Here, I think, we see one source of Vir’s later loyalty. As we learn in later seasons, Vir was a subject of ridicule in his family who was exiled to B5 simply to get him out of the way. There is a *very* strong implication that Vir grew up intellectually, emotionally, and spiritually neglected by others.
“Everywhere I go, I don’t fit in, or I’m asked to leave.”
“What you wish. What they wish. I don’t even know what I wish. Back home, I’m swallowed by silence, and here I’m swallowed up by secrets. I’m caught between fire and flood, and if there’s a way out, I sure don’t see it.”
-Vir to Londo, “There All the Honor Lies”
“Swallowed by silence.” Before Vir came to Babylon 5 and before Vir met Londo, no one gave a damn what fat little Vir Cotto thought. He was a fool, a joke, something to be pushed aside. He was probably shuttled from one job to the next completely dependent upon the whims of his superiors.
Londo, however, is different, likely because *Londo himself* is an outcast. For all of Londo’s scolding and mistreatment of Vir- and for all of Londo’s attempts to maintain the traditional power balance- he allows Vir into his private orbit.
The scene in the garden in “The War Prayer” is remarkable because it is so intimate- for one moment, Vir sees beyond Londo’s blustery façade to the sadness beneath. Londo really can’t help himself. As often and as forcefully as he declares that he is fine being alone, at base he *craves* emotional intimacy and is constantly seeking the companionship of others.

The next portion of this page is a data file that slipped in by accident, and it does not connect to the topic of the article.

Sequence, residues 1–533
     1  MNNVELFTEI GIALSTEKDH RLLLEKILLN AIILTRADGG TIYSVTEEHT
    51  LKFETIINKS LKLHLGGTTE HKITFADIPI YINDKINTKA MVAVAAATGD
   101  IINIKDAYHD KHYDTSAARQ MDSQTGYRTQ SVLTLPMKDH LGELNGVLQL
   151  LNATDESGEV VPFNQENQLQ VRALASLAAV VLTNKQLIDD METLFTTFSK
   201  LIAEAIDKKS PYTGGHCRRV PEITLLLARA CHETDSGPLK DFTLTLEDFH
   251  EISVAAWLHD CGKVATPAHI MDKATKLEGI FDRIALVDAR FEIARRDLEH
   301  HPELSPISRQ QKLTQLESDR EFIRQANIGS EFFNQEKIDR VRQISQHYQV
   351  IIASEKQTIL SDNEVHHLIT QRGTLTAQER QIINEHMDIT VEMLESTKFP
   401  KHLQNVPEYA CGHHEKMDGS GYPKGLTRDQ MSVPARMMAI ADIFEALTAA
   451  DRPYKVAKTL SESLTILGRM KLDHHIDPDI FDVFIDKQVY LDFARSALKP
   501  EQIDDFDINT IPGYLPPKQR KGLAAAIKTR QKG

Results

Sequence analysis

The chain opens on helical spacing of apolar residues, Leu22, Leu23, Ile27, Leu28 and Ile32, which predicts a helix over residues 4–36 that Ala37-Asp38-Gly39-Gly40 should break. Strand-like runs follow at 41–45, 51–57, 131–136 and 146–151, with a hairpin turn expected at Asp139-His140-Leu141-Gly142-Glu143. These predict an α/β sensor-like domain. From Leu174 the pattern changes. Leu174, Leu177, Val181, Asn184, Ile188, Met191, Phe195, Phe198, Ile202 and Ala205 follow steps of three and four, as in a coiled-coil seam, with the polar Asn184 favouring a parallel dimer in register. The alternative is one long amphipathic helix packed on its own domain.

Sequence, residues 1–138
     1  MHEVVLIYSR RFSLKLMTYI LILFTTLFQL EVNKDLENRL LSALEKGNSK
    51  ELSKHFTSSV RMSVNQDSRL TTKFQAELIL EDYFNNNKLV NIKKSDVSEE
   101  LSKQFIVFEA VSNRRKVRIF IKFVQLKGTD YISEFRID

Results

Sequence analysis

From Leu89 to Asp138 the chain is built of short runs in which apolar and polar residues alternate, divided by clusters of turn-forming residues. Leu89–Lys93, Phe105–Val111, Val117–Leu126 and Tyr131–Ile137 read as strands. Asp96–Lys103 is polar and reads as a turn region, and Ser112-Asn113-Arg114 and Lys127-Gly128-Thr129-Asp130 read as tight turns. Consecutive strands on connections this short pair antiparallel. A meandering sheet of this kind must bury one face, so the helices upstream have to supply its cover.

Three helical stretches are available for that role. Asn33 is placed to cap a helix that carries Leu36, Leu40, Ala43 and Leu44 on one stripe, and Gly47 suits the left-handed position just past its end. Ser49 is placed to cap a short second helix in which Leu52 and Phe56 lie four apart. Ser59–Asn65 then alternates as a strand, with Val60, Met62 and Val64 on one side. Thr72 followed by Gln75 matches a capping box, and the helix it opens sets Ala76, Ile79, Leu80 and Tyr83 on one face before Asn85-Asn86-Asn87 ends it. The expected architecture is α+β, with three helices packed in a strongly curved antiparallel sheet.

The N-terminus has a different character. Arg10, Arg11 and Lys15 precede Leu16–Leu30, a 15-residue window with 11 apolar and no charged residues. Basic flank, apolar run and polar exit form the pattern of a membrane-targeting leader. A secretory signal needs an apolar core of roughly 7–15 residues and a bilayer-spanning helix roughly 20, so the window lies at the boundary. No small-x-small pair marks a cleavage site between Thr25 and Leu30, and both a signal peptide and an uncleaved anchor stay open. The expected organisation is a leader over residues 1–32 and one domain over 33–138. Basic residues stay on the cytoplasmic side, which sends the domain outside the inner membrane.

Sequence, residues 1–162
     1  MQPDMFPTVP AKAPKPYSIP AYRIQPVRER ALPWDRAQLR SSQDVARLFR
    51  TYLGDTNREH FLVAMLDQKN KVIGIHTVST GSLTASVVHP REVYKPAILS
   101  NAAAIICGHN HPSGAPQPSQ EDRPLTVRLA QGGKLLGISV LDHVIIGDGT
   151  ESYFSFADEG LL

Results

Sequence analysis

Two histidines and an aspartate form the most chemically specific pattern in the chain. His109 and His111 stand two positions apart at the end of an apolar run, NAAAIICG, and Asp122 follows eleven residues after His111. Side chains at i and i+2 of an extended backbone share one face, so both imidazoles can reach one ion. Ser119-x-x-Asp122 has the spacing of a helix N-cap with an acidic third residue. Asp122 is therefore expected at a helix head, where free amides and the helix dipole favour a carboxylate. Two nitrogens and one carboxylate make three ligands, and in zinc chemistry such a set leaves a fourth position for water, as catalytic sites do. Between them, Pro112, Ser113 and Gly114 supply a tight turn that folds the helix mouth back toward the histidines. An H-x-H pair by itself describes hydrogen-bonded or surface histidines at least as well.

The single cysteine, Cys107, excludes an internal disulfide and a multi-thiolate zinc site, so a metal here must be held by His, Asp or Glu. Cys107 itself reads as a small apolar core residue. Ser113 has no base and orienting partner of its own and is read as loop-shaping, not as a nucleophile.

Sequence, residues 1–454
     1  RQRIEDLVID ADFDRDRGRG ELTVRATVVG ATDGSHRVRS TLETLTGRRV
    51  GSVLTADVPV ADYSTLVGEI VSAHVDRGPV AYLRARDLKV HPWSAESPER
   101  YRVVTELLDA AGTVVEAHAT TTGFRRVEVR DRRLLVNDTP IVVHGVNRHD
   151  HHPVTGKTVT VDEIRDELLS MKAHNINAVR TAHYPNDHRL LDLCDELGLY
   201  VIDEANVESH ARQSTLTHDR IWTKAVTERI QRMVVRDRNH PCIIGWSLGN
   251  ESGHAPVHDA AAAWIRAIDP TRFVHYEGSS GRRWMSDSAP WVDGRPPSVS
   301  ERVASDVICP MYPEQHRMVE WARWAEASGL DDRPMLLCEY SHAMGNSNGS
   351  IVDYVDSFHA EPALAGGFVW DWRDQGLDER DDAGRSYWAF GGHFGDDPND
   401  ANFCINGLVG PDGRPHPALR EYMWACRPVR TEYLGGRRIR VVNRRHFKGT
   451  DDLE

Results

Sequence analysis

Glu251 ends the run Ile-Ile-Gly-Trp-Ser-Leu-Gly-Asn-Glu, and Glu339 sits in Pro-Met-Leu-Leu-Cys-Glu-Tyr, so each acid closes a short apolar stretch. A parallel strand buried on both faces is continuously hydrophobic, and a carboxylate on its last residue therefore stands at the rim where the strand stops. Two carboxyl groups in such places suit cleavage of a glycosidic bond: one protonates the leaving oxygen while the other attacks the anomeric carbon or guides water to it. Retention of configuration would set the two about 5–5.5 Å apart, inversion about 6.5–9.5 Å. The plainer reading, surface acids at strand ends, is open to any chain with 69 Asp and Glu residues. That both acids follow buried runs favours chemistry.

Imagine how the previously ignored Vir must feel to be entrusted with something so deeply personal… because in a sense, Vir has his own emotional gap to fill. In the final book of the Legions of Fire trilogy, a much older Vir identifies it as a need to be needed.
Throughout the series, Vir is most gratified when he is told that he is indispensable. Even as early as “Born to the Purple,” when Vir was at his youngest and most child-like, we see how being entrusted by Londo with an important negotiation makes his face light up like a Christmas tree. Though Londo is certainly unaware of it at the time, that small display of trust is probably one of the first moments of positive attention Vir has ever received from an elder. Even Londo’s injunction not to “give away the home world” doesn’t distract Vir from that feeling of genuine pride.